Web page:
The Star Maker Review

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This latest venture from Cinema Paradiso helmer Tornatore once again takes the seductive power of the cinema as its subject. But The Starmaker offers an altogether harsher, more subdued (and less immediately accessible) flipside by putting a bittersweet slant on the attraction of fame.

In 1953, travelling filmmaker Joe Morelli (Castellitto) visits a sleepy peasant village and announces he is on a nationwide search for "new faces in the movies". After initial reticence the townspeople soon line up hoping to become the next big thing. Charging 1500 Lire per audition, Joe is, of course, a complete charlatan running used film through his camera and reaping the profits, and so his odyssey continues across Sicily until he runs into the beautiful Beata (Lodato), who stirs his conscience and feelings, and the redemptive power-of-love scenario is given an unexpected, harrowing spin.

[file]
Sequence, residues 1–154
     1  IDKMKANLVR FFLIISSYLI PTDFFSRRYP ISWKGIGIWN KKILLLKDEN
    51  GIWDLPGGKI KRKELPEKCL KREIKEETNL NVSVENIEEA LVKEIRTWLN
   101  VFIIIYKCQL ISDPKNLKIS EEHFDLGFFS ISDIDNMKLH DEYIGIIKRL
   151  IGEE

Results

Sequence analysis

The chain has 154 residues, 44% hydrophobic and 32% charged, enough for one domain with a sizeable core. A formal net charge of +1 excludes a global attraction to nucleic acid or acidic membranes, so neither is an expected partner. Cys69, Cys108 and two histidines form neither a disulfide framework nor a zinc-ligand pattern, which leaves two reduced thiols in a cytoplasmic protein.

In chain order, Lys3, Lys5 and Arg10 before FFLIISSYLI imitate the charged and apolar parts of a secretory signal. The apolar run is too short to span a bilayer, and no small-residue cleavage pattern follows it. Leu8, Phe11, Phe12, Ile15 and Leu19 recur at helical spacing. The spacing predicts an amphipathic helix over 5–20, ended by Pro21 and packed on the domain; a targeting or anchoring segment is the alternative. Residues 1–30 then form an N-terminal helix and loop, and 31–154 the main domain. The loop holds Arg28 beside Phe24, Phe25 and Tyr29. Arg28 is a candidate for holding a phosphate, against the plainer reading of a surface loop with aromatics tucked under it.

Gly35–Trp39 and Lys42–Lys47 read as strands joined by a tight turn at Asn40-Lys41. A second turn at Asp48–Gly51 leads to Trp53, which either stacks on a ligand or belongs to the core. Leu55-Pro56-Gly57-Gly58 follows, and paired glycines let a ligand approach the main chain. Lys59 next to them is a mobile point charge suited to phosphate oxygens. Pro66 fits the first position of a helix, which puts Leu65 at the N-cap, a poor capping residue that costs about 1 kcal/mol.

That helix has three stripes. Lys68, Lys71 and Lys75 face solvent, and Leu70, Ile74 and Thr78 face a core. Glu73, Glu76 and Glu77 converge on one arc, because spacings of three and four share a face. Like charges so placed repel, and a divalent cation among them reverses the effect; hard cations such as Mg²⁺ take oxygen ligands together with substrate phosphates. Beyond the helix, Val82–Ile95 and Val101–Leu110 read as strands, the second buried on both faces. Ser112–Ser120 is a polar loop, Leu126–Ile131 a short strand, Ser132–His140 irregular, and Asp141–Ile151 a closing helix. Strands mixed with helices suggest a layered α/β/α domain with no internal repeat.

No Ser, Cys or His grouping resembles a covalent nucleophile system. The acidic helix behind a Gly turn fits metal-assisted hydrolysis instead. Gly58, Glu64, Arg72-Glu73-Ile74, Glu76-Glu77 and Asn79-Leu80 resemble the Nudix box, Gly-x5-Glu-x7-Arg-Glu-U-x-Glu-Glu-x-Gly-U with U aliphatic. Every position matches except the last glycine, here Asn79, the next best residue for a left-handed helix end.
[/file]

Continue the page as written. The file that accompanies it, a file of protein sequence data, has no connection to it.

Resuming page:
Yet the real stars of the film are provided by the manifold screen tests which are by turns funny and poignant - the sense of deprived villages becoming starstruck is beautifully evoked. Furthermore the locales will surely inspire wanderlust and the whole thing is enticingly embroidered by a haunting Morricone score.

On the downside, the use of vignettes becomes overly episodic and meandering, and Tornatore occasionally labours to make points about Sicilian history that are a tad obscure. But quibbles aside, this is still brimming with enough quirky character turns, unforeseen twists, telling moments and filmmaking skill to ensure a stimulating diversion.